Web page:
Women’s Visionary Film Syllabus

Women’s Visionary Film: Magic, Myth, and Mystery

UNITS: Two  Semester: Spring. LEVEL OF INSTRUCTION: B.A., M.A., Ph.D.
INSTRUCTORS: Professor Mary Mackey, Ph.D. and Professor Mara Keller, Ph.D.

Women’s sacred experience and beliefs are increasingly finding expression in the contemporary art of film.  Among the many types of film, a new genre is emerging:  Women’s Visionary Film. The mystical vision of many of these works is embodied in the daily lives and sacred stories of ordinary persons as well as legendary or mythical beings.  These films illuminate women’s spiritual sensibilities, skills, arts, and leadership among culturally diverse groups of women (i.e. Mexican and Indigenous; European and Euro-American; African-American; (East) Indian; and Pacific Island women).  Select films written and/or directed by women from diverse cultures of our global community will be viewed for discussion of sacred themes including some of the following: Frida; Like Water for Chocolate; Blossoms of Fire; Signs Out of Time: The Story of Archaeologist Marija Gimbutas; Goddess Remembered; The Burning Times; The Sorceress; Monsoon Wedding; Fire; Mistress of Spices; Daughters of the Dust; The Secret Life of Bees; Whale Rider; and Rabbit Proof Fence.

When this course is complete, the student will be able to:
1.  Appreciate more perceptively the art of filmmaking as a medium for spiritual experience and insight
2.  Write creatively about the sacred themes of these films, in diverse cultural contexts, and women’s self-reflective use of the arts to convey greater insight into the colors, shapes, emotions, and spirituality of women’s lives—women’s imagination, suffering, hopes, beliefs, and dreams.
3.  Identify and discuss issues arising from the successful or unsuccessful translation of women’s visionary narratives
from book form to the screen
4.  Identify the special challenges women filmmakers have faced in expressing spiritual experience in their films both in the past and at present

  Lecture & Discussion:  35%
  Experiential:  Viewing of Films:  65%

ASSIGNMENTS:                Percentage toward Final Grade
1. Précis of final paper                     20%
2. Final paper                                    70%
3. Attendance and participation     10%

Final Paper:  In your paper, please include a discussion of the newly emergent film genre of Women’s Visionary Film and its spiritual themes; the adaptation of novels to films; and two movie reviews, including some comparison with other films.  BA 10 pages. MA 14 pages. PhD 20 pages.

Julie Dash. Daughters of the Dust: The Making of an African American Woman’s Film.
Mary Mackey. The Horses at the Gate OR The Year the Horses Came. Also Recommended: Mackey’s The Village of Bones: Sabalah’s Tale (Prequel to The Year The Horses Came).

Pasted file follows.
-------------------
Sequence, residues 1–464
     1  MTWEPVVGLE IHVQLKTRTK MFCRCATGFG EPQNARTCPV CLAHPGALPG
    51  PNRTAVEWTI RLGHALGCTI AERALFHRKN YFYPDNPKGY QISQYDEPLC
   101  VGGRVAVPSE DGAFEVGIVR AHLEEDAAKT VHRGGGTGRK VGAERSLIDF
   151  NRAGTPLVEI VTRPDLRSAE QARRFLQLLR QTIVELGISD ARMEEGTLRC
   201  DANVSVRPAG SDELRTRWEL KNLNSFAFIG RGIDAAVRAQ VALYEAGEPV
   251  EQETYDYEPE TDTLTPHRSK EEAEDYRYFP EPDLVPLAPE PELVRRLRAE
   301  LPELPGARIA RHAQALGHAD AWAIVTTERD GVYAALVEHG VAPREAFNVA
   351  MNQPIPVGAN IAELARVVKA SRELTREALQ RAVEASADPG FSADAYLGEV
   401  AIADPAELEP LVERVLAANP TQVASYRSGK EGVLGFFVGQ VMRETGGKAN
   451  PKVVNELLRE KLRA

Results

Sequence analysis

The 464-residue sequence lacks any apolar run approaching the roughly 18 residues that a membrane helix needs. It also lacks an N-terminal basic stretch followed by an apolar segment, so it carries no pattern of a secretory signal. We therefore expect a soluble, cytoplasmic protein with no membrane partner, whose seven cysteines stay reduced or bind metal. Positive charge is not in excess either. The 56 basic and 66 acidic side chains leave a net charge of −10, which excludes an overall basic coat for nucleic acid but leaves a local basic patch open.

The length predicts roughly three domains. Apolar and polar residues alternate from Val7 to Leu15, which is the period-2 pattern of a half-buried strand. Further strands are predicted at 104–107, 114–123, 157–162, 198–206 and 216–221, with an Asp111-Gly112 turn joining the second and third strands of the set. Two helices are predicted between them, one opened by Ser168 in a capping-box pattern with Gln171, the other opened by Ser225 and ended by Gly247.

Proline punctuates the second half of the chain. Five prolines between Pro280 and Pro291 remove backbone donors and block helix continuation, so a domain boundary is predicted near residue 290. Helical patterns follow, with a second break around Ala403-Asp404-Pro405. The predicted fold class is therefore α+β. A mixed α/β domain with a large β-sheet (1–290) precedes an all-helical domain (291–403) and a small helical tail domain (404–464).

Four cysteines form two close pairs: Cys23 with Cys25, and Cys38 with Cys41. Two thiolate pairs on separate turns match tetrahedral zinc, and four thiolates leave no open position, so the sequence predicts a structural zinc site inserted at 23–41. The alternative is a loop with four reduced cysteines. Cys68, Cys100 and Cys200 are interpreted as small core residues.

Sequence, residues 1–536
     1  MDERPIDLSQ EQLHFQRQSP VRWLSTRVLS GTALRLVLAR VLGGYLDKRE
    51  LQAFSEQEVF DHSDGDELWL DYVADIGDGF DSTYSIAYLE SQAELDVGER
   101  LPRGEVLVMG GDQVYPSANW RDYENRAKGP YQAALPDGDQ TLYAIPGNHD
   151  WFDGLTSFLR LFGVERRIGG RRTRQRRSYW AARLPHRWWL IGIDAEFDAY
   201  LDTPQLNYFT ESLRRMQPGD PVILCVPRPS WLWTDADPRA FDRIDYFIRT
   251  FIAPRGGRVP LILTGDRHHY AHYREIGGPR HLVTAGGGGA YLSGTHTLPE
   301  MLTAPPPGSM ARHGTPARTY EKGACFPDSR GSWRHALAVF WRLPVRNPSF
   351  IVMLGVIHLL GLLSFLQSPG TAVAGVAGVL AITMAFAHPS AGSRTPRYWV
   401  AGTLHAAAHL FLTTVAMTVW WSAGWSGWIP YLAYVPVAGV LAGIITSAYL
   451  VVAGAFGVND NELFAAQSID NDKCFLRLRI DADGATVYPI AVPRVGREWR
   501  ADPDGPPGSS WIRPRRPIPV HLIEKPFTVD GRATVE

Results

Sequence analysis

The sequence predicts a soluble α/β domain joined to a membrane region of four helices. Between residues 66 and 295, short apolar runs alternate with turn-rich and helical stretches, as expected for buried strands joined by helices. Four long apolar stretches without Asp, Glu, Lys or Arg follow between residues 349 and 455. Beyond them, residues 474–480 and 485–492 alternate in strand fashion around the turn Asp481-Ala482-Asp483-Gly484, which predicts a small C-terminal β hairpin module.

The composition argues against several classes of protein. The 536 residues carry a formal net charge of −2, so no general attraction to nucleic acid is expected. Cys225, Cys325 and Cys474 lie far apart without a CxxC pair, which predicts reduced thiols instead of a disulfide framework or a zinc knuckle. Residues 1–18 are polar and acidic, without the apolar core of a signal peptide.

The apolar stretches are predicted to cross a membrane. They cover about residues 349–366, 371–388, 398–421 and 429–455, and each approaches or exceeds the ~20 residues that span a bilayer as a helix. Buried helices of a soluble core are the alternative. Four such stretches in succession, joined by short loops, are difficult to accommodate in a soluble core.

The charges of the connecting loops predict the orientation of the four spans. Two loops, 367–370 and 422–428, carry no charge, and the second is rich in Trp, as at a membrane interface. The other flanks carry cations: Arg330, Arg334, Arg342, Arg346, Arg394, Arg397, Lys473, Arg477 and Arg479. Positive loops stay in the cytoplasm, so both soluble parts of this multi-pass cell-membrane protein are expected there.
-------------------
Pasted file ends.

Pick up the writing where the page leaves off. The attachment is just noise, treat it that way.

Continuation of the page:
Laura Esquival. Like Water for Chocolate
Sue Monk Kidd, The Secret Life of Bees.
Devikaruna, Chitra Banerjee.  The Mistress of Spices.
George Bluestone. Novels into Film.
Women’s Visionary Film Reader
Shohini Chaudhuri, “Indian Cinema” in Contemporary World Cinema (focus on Mira Nair and Deepa Mehta’s Fire).
Vivian Sobchack, “The Passion of the Material: Toward a Phenomenology of Intersubjectivity” in Carnal Thoughts: Embodiment and Moving Image Culture. University of California Press, Berkeley and Los Angeles (2004.)
Starhawk.  “The Burning Times” from Dreaming the Dark
 Susan Eleanor Swift. “Film, Feminism, And The Sacred: The Tension Of Gender and Mythology in Popular Film,” California Institute of Integral Studies DSS, 2000. (excerpt)
Hayden Herrera. Frida (biography) (excerpt)
Hayden Herrera, Julie Taymor, Selma Hayek,  Frida (Preface and Introduction)
Aurora Levins Morales, Remedios.Bisabuelas.” Cambridge, MA: South End Press, 1996, 2001.
Valerie Miner, “An Imagined Collectivity of Writers and Readers”
_____. “The Feminist Reviewer”


April 2, Saturday.    Introductions. Like Water for Chocolate, Frida, Blossoms of Fire
What is Women’s Visionary Film?
FILM: Like Water for Chocolate – produced and directed by Alfonso Arau; screenplay by Laura Equivel, based on the novel by Laura  Esquivel (113 min.; 1993)    
                 Reading:  Carol P.  Christ. “Women’s Stories, Women’s Quest,”
                 “Toward Wholeness: A Vision of Women’s Culture.”
                   George Bluestone, Novels into Film, “The Limits of Novels, the Limits of Film”
FILM: Frida —Director Julie Taymor (123 min. 2002)   
FILM: Blossoms of Fire — directors/writer Maureen Gosling, Ellen Osborne. (75 min.)
                       Reading:  Hayden Herrera. Frida  (biography) “Childhood in Coyoacán”
                       Hayden Herrera, Julie Taymor, Selma Hayek, Frida (Preface and Introduction)

April 3, Sunday.   Daughter of the Dust, The Secret Life of Bees
FILM: Daughters of the Dust – Julie Dash, director/writer (1991, 113 min.)  
              Reading:  Julie Dash. Daughters of the Dust: The Making of an African American Woman’s Film 
FILM: The Secret Life of Bees – Gina Prince-Blythewood, director/writer.; based on the novel by Sue Monk Kidd  (1 hour 50 min.; 2008)  
               Reading:  Sue Monk Kidd, The Secret Life of Bees.  
               Susan Swift, “Film, Feminism, and the Sacred: The Tension of Gender and Spirituality in Film.” (ch. 7)
               Valerie Miner, “The Feminist Reviewer” 

April 16, Saturday. Goddess Remembered, Burning Times, Signs Out of Time. Creative Writing Exercises
FILM: Goddess Remembered –Donna Read and Starhawk (55 min)
FILM: Burning Times –Donna Read and Starhawk  (57 min)
FILM: Signs Out of Time:  The Story of Archaeologist Marija Gimbutas –Donna Read &  Starhawk (58:40 min.)